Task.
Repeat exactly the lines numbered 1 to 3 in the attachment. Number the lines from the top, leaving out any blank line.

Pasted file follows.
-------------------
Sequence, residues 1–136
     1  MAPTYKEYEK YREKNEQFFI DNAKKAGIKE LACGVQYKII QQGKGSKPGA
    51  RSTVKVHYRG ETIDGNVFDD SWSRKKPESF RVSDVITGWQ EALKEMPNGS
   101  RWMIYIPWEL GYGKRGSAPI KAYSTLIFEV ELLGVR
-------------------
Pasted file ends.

Sequence, residues 1–136
     1  MAPTYKEYEK YREKNEQFFI DNAKKAGIKE LACGVQYKII QQGKGSKPGA
    51  RSTVKVHYRG ETIDGNVFDD SWSRKKPESF RVSDVITGWQ EALKEMPNGS